Do you love the taste of dried fruits but still avoid eating them for fear of harming your precious teeth? If so then we have good news for you. It seems munching on dried fruits may not have been as bad for our teeth as we were led to believe by our dentists.

A UK based nutritionist is challenging the notion that eating dried fruits are not good for our teeth. All the big health advisers like the British Oral Health Foundation and the International Dental Health Associations, advice against snacking on dried fruits. The idea is that dried fruits are sticky and thus can latch themselves on to teeth leading to their demise. Since nobody wants rotten teeth to grace their face the idea was widely accepted until now. However, a nutritionist is taking a stand against the ban on munching of dried fruits.

According to the Dr Michèle Sadler who is a registered nutritionist in the UK, the idea is entirely based upon assumptions and does not have solid scientific evidence backing it up. Sadler has outlined all her views challenging the universal dental health recommendation in a review. Sadler’s review titled “Dried Fruit and Dental Health” was published in the International Journal of Food Sciences and Nutrition.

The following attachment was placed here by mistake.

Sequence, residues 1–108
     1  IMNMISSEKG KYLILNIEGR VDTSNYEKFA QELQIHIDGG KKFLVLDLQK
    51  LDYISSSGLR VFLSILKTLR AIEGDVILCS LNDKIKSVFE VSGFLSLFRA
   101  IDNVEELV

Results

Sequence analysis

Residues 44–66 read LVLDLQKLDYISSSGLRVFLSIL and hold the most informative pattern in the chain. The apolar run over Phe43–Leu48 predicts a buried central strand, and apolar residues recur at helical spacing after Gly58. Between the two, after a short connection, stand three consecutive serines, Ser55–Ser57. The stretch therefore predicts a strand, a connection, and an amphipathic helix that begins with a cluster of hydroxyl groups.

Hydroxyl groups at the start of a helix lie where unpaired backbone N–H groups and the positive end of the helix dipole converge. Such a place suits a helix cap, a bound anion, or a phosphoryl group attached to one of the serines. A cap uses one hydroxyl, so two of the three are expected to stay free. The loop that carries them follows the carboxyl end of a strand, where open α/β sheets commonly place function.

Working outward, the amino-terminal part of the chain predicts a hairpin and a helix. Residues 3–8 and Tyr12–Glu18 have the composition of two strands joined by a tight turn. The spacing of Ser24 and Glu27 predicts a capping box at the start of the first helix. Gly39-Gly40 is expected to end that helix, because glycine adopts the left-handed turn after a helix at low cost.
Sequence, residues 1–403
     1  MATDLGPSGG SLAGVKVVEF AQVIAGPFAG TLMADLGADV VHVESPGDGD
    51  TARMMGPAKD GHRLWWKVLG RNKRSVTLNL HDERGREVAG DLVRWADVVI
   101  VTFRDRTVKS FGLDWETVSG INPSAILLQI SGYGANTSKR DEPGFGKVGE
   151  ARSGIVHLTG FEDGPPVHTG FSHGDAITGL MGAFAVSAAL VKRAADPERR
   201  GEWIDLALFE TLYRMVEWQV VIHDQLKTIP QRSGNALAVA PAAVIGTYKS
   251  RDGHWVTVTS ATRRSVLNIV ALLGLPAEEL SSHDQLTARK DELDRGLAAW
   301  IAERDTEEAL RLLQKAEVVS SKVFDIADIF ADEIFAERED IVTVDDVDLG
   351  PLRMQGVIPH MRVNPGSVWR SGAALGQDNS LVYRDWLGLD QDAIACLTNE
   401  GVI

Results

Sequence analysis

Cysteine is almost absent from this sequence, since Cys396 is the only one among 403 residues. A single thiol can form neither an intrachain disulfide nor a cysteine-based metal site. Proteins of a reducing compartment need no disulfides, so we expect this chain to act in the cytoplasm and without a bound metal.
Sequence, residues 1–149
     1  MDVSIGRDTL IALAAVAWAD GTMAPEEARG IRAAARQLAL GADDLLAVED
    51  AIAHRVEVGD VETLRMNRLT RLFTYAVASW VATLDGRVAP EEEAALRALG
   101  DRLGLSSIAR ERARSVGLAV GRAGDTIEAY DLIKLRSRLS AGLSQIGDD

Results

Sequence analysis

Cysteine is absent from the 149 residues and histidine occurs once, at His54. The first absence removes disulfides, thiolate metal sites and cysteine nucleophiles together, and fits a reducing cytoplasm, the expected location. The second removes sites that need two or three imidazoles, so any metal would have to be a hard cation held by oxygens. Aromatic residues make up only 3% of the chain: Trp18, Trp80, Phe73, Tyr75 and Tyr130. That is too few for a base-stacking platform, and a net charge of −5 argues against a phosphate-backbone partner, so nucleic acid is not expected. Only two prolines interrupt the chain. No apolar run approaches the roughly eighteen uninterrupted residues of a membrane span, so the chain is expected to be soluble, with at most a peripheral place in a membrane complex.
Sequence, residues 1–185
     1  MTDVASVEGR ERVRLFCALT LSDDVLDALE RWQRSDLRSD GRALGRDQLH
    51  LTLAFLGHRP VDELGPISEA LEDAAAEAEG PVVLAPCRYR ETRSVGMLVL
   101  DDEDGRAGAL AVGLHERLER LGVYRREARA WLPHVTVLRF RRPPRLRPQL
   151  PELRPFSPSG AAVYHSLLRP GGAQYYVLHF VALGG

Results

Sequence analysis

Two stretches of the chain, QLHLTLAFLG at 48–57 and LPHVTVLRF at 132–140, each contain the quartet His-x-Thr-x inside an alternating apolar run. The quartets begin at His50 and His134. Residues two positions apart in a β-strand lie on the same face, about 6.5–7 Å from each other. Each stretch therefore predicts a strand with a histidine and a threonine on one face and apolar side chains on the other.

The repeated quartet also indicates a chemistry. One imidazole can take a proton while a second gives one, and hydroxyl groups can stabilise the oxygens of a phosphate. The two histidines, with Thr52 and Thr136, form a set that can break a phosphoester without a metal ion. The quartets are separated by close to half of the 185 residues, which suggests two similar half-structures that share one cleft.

“There is a lack of good quality scientific data to support restrictive advice for dried fruit intake on the basis of dental health parameters and further research is required,” concluded Sadler.

Not only did Sadler shatter previous misconceptions but also she highlighted the advantages of chewing dried fruit for dental health. Eating dried fruits requires a whole lot more of chewing than other foods and this exercise is not only good for the jaw but also triggers increased salivary flow, which contains antimicrobial compounds like sorbitol. Similarly, dried fruits are naturally enriched with fiber and essential micronutrients, along with a low fat content, making their nutritional content extremely beneficial for overall good health.